Sales Effectiveness
6 min reading

How do you calculate forecast sales?

Florian Reboussin
Published on
sales forecast calculation

Calculating sales forecasts is essential for boosting your company's growth! You've got all your figures at your fingertips, your brain in calculator mode, but you're short of methods? Don't worry! To help you, we've listed the most effective tools for successful calculations.

The result is improved sales execution performance and a better understanding of your transaction reports (or pipe reviews). 

You're not afraid of maths? Then let's get started!

What is a sales forecast?

As the name suggests, a sales forecast enables you to estimate your sales volume over a forthcoming period. 

This sales forecast calculation will be very useful for : 

  • Estimate your future sales 
  • Review your budget and resource allocation
  • Facilitate the work of your teams (software or training needs)
  • Identify opportunities and anticipate future problems

Okay, but how do we go about it?

To achieve this, you'll need to gather both internal statistics and external data (technical advances, changes in purchasing behavior, etc.). 

With this information in hand, all you have to do is choose from the following methods to calculate your sales forecasts.

Sales forecasting methods

Simple quantitative methods

Simple quantitative methods are based on historical, objective, quantified data. In short, you use only the statistics of your past sales to predict your future performance.

When drawing up your sales forecast, you can choose whether or not to include seasonal variations.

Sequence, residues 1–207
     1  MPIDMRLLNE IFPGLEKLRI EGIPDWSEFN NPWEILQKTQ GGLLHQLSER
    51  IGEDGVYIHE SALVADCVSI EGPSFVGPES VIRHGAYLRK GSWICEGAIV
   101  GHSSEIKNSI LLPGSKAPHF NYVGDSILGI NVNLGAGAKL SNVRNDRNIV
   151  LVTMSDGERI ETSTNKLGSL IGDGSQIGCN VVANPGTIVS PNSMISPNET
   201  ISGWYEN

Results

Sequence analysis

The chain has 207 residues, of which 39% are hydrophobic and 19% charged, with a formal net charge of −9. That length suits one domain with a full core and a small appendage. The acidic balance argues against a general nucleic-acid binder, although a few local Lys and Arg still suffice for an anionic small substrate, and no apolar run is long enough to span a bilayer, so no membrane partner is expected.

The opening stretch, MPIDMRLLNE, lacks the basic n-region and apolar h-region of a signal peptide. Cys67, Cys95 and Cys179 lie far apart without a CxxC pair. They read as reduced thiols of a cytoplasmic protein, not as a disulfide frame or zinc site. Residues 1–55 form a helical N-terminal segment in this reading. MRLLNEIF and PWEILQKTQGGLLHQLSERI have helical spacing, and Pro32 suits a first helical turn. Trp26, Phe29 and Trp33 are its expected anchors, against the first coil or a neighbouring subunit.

Beware, these methods have their limits, as they assume that your sales will be repeated in a linear fashion, from one year to the next. 

More complex quantitative methods

For a more precise calculation of your sales forecasts, you can integrate additional variables. 

For example, you can add external factors such as changes in customer intentions, macroeconomic trends or the influence of competitors.

Granted, these quantitative methods are more complex, but also far more reliable!

Use of simple quantitative methods

Basic principle

With simple quantitative analysis, you use only the statistics derived from your past sales. This assumes that your company's activity is regular, and that this regularity continues.

You'll need to represent your data in the form of graphs (also known as scatter plots). These representations often include 2 pieces of information: sales by year, month or quarter, and sales volumes.

Then all you have to do is choose from the 3 methods below.

Extreme point method

You can use the extreme points method if you notice that your first variable, such as sales volume or turnover, increases or decreases in a regular way according to your other variable (years, for example). Your scatter plot is therefore logically not very dispersed. 

This is the simplest method of sales planning.

In concrete terms, you will create a graph and place : 

  • Month, year or quarter numbering (x) on the x-axis
  • Sales volume or turnover (y) on the ordinate

All that's left is to calculate the equation of the linear fit line of type y = ax + b. This passes through the first point (a) and the last point (b).

To determine your sales forecast or next sales volume (y), replace x with the relevant year in the equation. The result determines your sales target.